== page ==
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Heroic resource officer relives Granite Hills shooting every time mass shooting happens

Hero school resource officer.jpg
Posted at 12:58 PM, May 31, 2022
and last updated 2022-05-31 16:03:39-04

EL CAJON, Calif. (KGTV) — Granite Hills High School in El Cajon was the scene of a shooting that happened 21 years ago, and a resource officer says he relives the incident every time a mass shooting happens around the country.

Richard Agundez, who stepped up as a hero and stopped the gunman says every time he hears about a mass shooting like the most recent in Uvalde takes him back to that day.

"The bad guy was standing over there. The suspect was standing over there. He was on the side. I had to check the background. I couldn't shoot if I had kids in the background. It lined up very much in my favor that I was able to engage him in an open, clean area," he recalled about the school shooting in El Cajon.

It's a day that the El Cajon community won't forget. On March 22, 2001, retired officer Agundez sprang into action to protect his students when a gunman terrorized granite hills high school.

"All I remember is that he was there and he was attempting to reload his shotgun and I wasn't going to let that happen. That was it. He was going to go down," said Agundez.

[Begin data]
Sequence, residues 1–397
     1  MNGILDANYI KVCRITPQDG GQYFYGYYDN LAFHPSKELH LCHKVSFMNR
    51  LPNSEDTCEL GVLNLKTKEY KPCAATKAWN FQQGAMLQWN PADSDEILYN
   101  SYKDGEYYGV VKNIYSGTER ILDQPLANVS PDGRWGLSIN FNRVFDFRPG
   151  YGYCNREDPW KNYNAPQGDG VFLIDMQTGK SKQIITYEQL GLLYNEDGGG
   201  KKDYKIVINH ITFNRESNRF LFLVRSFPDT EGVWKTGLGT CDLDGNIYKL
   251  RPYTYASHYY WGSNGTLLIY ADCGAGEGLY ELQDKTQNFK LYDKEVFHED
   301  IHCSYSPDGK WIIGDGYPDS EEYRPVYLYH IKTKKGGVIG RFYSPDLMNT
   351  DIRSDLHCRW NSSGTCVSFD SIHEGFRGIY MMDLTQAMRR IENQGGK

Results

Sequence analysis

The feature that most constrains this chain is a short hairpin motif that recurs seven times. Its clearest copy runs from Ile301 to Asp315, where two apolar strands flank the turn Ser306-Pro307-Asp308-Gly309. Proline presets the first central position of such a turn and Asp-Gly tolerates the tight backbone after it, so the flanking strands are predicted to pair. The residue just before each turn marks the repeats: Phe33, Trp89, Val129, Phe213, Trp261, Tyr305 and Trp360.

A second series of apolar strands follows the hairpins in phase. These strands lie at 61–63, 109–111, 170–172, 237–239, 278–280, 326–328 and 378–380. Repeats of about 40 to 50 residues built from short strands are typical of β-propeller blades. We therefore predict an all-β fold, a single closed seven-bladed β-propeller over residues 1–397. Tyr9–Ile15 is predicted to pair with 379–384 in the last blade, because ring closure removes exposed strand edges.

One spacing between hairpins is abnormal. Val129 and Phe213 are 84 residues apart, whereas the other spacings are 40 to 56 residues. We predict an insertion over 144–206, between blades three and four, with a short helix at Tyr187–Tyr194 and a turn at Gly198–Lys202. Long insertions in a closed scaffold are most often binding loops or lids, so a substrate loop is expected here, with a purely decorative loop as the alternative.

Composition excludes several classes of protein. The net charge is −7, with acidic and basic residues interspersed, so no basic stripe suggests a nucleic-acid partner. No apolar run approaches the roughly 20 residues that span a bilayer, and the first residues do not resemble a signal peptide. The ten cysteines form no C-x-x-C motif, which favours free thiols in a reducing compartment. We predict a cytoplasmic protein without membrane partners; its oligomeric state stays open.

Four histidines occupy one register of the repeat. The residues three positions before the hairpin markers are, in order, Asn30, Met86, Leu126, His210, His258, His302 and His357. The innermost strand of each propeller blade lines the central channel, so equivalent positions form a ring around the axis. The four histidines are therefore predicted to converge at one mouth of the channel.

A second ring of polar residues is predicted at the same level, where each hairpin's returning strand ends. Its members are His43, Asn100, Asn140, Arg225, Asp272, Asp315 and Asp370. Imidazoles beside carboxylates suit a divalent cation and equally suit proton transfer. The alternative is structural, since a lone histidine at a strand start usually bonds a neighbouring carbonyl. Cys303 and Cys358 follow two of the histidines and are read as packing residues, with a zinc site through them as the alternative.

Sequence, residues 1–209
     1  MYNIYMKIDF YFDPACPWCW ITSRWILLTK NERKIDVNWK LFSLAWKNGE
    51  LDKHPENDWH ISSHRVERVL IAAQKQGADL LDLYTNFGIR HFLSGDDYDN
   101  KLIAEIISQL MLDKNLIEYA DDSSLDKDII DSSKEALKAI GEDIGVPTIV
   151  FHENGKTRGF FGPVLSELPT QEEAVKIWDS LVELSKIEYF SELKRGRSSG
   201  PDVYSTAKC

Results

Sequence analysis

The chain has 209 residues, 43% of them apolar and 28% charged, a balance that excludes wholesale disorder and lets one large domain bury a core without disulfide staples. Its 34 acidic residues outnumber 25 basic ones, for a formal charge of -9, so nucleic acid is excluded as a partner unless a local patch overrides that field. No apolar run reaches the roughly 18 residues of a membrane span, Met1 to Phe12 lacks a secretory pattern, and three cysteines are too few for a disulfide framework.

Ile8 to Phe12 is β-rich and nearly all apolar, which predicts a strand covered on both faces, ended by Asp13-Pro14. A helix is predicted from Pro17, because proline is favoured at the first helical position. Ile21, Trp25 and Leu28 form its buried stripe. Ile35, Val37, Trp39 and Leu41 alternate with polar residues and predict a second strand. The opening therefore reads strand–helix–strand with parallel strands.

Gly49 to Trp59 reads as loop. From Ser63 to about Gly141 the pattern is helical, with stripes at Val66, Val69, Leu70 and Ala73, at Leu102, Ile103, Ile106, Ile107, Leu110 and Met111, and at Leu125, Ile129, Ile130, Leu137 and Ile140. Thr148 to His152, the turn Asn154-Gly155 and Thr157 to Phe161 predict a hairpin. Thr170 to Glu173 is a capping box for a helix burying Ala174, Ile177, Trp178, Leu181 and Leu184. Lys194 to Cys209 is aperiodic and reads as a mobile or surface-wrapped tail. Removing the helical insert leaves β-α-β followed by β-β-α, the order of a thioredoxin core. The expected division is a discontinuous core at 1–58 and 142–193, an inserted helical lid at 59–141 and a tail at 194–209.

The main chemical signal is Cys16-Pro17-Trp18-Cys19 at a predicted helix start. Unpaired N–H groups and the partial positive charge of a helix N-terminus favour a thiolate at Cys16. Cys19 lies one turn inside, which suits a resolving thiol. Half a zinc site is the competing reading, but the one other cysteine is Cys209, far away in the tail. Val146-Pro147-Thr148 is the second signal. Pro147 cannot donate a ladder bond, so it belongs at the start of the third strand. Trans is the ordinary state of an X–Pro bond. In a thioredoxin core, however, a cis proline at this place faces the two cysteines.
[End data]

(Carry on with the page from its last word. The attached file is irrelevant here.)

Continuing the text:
The retired officer says it took him less than a minute from the moment he called in the shooting to take down the gunman. He tells those who call him a hero he was just doing his job and credits his response to his training as a SWAT officer.

"The training is vital. They allow us to train. They allow us to shoot. They allow us to go to classes and that was huge it's huge," he said.

While authorities have said the officers in Uvalde did not respond correctly- Agundez said every situation is different.

"We just won't know until it all comes down and we realize the facts. That's what I hope everybody realizes. It's not cut and dry- black and while."

Agundez said change does need to be made. He tells the families in Uvalde the tragedy breaks his heart.

"I don't know what you can say in words. I don't know what you can say. I pray for them all the time. I know the nation does. It's tragic, but I can imagine what they were feeling trying to get in and get their kids," said Agundez.